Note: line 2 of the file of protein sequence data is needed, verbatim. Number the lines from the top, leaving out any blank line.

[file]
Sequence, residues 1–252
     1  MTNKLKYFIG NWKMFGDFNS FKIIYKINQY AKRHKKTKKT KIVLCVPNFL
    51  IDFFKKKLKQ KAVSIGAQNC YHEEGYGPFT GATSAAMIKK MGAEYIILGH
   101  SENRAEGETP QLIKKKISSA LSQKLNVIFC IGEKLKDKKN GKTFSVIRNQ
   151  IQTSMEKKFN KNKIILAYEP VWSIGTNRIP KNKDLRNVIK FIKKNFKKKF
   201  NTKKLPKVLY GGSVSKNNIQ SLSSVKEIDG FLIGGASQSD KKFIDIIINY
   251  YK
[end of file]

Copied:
     1  MTNKLKYFIG NWKMFGDFNS FKIIYKINQY AKRHKKTKKT KIVLCVPNFL